Contain heme prosthetic groups having Fe or Cu ions. Found in the cristae of mitochondria. Cytochrome c is a soluble protein found in the inter-membrane space and is apart of the ETC.
Also known coenzyme Q which is lipid soluble. Able to accept 2e- and 2p+
Complex I: NADH dehydrogenase, is a catalyst for the transfer of e- from NADH to ubiquinone and transports 4H+ per pair of e-

Complex II: succinate dehydrogenase, catalyst for transfer of e- from succinate to FAD to ubiquinone without H+, used in both TCA and ETC

Complex III: cytochrome bc1, catalyst for the transfer of e- from ubiquinone to cytochrome c and transports 4H+ per pair of e-

Complex IV: cytochrome c oxidase, catalyst for transfer of e- to O2 and transports 2H+ per pair of e- across inner membranes
Carries out electron transfer and proton translocation 

NADH --> FMN --> 7Fe-S complexes --> UQ

Dysfunction is linked to neurological diseases
knowt flashcard image
2 parts; F1 and F0
F1 is the catalytic subunit and has three catalytic sites (3 alpha, 3 beta and 1 gamma) for ATP synthase, has 5 subunits ~ 3 alpha, 2 beta, 1 delta, 1 epsilon and 1 gamma
F0 attaches to F1 and contains a channel that allows p+ to be conduced from inter-membrane space to matrix, has 3 subunits ~ 1a, 2b and 10-14c
The coupling of H+ translocation to ATP synthase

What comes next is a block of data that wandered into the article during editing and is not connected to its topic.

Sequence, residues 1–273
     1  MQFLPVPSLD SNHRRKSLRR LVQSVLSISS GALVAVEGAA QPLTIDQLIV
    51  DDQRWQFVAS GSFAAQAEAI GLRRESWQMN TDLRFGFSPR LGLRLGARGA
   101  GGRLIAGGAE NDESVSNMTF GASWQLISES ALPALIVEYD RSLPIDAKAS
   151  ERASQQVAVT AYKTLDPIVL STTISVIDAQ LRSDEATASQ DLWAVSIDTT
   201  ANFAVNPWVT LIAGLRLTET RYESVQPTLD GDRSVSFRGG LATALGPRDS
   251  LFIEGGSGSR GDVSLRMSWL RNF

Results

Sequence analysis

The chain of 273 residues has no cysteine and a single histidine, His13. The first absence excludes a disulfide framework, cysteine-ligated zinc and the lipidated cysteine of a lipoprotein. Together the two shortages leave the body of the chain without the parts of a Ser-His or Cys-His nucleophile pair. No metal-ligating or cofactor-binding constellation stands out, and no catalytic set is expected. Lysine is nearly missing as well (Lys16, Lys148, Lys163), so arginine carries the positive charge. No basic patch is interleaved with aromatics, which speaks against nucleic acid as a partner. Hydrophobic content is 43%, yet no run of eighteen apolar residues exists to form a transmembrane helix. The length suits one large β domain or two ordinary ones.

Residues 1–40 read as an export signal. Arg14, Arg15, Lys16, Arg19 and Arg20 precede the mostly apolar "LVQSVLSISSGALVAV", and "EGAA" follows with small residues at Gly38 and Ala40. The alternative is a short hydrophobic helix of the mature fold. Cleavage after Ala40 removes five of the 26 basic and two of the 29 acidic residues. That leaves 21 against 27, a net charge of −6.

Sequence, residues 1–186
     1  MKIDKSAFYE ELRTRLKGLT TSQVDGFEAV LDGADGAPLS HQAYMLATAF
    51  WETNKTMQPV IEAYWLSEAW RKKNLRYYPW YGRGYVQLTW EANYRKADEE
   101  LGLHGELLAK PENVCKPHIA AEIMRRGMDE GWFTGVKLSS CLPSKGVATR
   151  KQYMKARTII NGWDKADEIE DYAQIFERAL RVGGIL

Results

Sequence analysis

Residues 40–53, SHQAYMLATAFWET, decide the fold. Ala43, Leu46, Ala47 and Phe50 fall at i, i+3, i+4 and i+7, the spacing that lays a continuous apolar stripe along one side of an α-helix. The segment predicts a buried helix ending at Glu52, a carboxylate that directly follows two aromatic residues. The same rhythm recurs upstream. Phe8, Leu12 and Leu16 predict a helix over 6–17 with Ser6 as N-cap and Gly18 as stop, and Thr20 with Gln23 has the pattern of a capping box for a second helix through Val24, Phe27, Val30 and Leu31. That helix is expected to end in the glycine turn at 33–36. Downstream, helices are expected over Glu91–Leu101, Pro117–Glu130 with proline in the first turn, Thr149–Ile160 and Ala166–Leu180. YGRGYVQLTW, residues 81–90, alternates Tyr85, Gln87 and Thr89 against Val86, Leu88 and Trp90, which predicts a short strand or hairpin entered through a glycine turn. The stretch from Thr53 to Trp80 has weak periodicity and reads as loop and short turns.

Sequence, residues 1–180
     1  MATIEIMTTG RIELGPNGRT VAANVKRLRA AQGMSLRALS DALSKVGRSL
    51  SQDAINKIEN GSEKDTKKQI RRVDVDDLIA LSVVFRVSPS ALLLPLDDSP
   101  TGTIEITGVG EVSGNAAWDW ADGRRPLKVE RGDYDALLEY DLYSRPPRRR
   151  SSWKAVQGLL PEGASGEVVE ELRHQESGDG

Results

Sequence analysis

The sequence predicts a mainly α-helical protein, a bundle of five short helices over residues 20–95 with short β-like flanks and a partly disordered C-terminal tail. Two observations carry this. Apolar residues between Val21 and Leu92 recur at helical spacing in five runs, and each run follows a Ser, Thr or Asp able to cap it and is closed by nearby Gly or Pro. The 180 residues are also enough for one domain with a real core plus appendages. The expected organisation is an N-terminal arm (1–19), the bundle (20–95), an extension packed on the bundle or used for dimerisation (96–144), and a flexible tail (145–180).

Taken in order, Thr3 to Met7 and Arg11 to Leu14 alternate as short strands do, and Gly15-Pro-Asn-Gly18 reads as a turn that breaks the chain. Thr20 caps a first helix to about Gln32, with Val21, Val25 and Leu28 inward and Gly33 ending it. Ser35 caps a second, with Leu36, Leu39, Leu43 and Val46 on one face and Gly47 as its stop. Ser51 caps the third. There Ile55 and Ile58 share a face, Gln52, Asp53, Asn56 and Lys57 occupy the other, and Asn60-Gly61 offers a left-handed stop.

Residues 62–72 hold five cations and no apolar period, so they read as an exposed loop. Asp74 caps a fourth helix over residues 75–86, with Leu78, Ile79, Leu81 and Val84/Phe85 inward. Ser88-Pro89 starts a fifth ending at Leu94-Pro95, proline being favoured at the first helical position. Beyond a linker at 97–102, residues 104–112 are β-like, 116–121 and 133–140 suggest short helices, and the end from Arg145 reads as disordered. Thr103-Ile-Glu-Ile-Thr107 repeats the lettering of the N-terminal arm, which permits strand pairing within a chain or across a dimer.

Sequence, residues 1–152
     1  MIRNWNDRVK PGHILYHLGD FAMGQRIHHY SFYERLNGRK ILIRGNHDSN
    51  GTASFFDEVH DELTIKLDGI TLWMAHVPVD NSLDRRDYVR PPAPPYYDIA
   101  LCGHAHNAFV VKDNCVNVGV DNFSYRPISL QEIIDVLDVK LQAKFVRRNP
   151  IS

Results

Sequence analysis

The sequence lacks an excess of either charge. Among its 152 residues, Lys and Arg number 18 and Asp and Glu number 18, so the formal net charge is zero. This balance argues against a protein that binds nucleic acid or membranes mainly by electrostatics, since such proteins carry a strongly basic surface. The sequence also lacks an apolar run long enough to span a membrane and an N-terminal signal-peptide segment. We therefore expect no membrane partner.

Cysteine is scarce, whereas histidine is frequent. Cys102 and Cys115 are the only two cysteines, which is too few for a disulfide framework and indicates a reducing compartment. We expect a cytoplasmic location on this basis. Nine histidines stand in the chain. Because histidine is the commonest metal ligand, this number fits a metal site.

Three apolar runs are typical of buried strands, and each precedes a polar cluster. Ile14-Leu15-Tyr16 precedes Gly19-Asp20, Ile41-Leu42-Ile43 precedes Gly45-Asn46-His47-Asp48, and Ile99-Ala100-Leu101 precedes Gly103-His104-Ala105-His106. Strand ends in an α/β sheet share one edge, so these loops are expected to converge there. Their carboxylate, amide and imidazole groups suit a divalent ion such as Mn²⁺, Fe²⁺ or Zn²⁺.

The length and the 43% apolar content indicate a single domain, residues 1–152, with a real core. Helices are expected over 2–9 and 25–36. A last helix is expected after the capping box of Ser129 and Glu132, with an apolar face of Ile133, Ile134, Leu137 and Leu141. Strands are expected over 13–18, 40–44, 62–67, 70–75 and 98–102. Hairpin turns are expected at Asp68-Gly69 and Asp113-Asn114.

Are oxidative organelles which breakdown toxic material in cells through the presence of at least 50 digestive and oxidative enzymes. They also contain catalase (decomposes hydrogen peroxide). causes Zellweger syndrome (ZS) wich results in neurological, visual and liver issues that lead to death in infants
Contains thylakoids in stacks known as granum. Also contains enzymes responsible for carbohydrate synthesis. Also contains small double stranded DNA and ribosomes
Mg+ ion is central to chlorophyll molecules
An electron from H2O enters PSII which boosts e- from below energy level of H2O then it moves to PSI which boosts the e- to a level above NADP+. This process of flow of e- from H2O to NADPH+ is called the Z scheme
Explain the flow of e- from PSII (P680) to PSI (P700):
What is the difference between cyclic ad non-cyclic phosphorylation?
Cyclic phosphorylation:
- performed by PSI 
- creates (additional) ATP
- e- source is P700
- oxygen is not produced
- photolysis does not occur

Non-cyclic phosphorylation:
 - performed by PSII, bust PSI is involved
- e- source is water
- photolysis occurs
- NADPH, ATP and oxygen is produced
- is linear due to the linear movement by electrons from H2O to NADP+
Light Reaction:

* done by molecules in the thylakoid membrane
* converts light energy into ATP and NADPH
* splits H2O and releases O2

Calvin Cycle: